Type 2 Diabetes Causes and Risk Factors

Medically Reviewed by Michael Dansinger, MD on May 16, 2021

Although not everyone with type 2 diabetes is overweight, obesity and an inactive lifestyle are two of the most common causes of type 2 diabetes. These things are responsible for about 90% to 95% of diabetes cases in the United States.

What Causes Type 2 Diabetes?

When you're healthy, your pancreas (an organ behind your stomach) releases insulin to help your body store and use sugar from the food you eat. Diabetes happens when one or more of the following occurs:

  • Your pancreas doesn't make any insulin.
  • Your pancreas makes very little insulin.
  • Your body doesn’t respond the way it should to insulin

Unlike people with type 1 diabetes, people with type 2 diabetes make insulin. But the insulin their pancreas releases isn’t enough, or their body can't recognize the insulin and use it properly. (Doctors call this insulin resistance.)

When there isn't enough insulin or the insulin isn't used as it should be, glucose (sugar) can't get into your cells. It builds up in your bloodstream instead. This can damage many areas of the body. Also, since cells aren't getting the glucose they need, they don't work the way they should.

Risk Factors for Type 2 Diabetes

Type 2 diabetes is believed to have a strong genetic link, meaning that it tends to run in families. If you have a parent, brother, or sister who has it, your chances rise. Several genes may be related to type 2 diabetes. Ask your doctor about a diabetes test if you have any of the following risk factors:

  • High blood pressure
  • High blood triglyceride (fat) levels. It's too high if it's over 150 milligrams per deciliter (mg/dL).
  • Low "good" cholesterol level. It's too low if it's less than 40 mg/dL.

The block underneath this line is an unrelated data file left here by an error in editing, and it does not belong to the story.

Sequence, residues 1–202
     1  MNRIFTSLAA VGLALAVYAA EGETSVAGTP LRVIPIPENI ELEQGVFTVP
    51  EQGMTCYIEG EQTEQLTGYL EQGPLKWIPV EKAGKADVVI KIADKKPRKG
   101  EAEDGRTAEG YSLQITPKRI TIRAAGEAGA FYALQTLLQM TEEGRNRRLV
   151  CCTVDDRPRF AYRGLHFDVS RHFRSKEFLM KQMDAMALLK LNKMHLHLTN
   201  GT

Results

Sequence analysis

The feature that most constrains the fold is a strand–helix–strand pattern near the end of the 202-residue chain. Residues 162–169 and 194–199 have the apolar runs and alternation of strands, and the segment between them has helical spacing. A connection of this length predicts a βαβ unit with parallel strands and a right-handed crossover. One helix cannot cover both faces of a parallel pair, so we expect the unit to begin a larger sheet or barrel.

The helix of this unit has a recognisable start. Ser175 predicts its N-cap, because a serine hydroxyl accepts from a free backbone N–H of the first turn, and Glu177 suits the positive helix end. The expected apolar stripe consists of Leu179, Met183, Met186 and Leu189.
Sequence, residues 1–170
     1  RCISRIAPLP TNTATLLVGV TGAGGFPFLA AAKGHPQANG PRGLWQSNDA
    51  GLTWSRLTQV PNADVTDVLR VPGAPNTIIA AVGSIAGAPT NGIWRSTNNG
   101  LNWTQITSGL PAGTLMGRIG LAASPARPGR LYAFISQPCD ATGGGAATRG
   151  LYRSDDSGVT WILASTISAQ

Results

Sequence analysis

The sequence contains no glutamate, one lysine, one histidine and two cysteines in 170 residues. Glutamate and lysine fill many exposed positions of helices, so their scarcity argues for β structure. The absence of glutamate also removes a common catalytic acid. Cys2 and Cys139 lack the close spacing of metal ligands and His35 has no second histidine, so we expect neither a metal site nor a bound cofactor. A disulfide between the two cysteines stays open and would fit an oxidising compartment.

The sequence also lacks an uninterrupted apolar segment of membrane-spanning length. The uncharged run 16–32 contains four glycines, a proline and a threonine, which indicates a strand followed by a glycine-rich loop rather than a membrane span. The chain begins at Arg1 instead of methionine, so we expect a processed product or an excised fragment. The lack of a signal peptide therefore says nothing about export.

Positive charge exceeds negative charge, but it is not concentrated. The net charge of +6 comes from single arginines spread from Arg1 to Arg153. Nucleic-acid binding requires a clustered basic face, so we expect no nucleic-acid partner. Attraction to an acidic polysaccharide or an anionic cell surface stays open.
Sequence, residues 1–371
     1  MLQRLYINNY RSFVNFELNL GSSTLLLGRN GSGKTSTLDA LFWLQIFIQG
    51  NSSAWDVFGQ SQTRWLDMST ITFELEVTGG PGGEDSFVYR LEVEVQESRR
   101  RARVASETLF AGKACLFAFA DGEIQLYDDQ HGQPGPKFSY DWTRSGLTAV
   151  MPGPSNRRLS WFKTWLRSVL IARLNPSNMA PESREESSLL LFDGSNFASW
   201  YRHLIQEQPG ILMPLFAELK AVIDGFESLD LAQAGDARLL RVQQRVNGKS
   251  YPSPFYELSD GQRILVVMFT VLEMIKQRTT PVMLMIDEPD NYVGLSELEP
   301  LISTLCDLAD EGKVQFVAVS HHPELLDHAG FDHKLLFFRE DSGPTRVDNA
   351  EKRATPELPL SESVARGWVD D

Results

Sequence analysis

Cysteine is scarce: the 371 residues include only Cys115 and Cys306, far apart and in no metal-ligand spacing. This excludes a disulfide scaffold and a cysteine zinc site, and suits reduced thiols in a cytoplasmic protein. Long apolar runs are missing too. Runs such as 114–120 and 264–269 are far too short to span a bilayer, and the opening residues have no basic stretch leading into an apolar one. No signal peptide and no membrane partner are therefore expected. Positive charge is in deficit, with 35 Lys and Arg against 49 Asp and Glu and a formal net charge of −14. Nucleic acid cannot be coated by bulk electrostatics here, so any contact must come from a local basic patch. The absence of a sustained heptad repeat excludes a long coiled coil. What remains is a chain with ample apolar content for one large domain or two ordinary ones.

• Gestational diabetes or giving birth to a baby weighing more than 9 pounds
  • Prediabetes. That means your blood sugar level is above normal, but you don't have the disease yet.
  • Heart disease
  • High-fat and carbohydrate diet. This can sometimes be the result of food insecurity, when you don’t have access to enough healthy food.
  • High alcohol intake
  • Sedentary lifestyle
  • Obesity or being overweight
  • Polycystic ovary syndrome (PCOS)
  • Being of an ethnicity that’s at higher risk: African Americans, Native Americans, Hispanic Americans, and Asian Americans are more likely to get type 2 diabetes than non-Hispanic whites.
  • You're over 45 years of age. Older age is a significant risk factor for type 2 diabetes. The risk of type 2 diabetes begins to rise significantly around age 45 and rises considerably after age 65.
  • You’ve had an organ transplant. After an organ transplant, you need to take drugs for the rest of your life so your body doesn’t reject the donor organ. These drugs help organ transplants succeed, but many of them, such as tacrolimus (Astagraf, Prograf) or steroids, can cause diabetes or make it worse.

A proper diet and healthy lifestyle habits, along with medication, if you need it, can help you manage type 2 diabetes the same way you manage other areas of your life. Be sure to seek the latest information on this condition as you become your own health advocate.

The Role of Insulin in the Cause of Type 2 Diabetes

To understand why insulin is important, it helps to know more about how your body uses food for energy. Your body is made up of millions of cells. To make energy, these cells need food in a very simple form. When you eat or drink, much of the food is broken down into a simple sugar called glucose. It moves through your bloodstream to these cells, where it provides the energy your body needs for daily activities.

Insulin and other hormones control the amount of glucose in your bloodstream. Your pancreas is always releasing small amounts of insulin. When the amount of glucose in your blood rises to a certain level, the pancreas will release more insulin to push more glucose into the cells. This causes the glucose levels in the blood (blood glucose levels) to drop.

To keep blood glucose levels from getting too low (hypoglycemia, or low blood sugar), your body signals you to eat and releases some glucose from the stores kept in the liver. It also tells the body to release less insulin.

People with diabetes either don't make insulin or their body's cells can no longer use their insulin. This leads to high blood sugars. By definition, diabetes is:

  • A blood glucose level of greater than or equal to 126 milligrams per deciliter (mg/dL) of blood after an 8-hour fast (not eating anything)
  • A non-fasting glucose level greater than or equal to 200 mg/dL, along with symptoms of diabetes
  • A glucose level greater than or equal to 200 mg/dL on a 2-hour glucose tolerance test

A1c greater than or equal to 6.5%. Unless the person is having obvious symptoms of diabetes or is in a diabetic crisis, the diagnosis must be confirmed with a repeat test.

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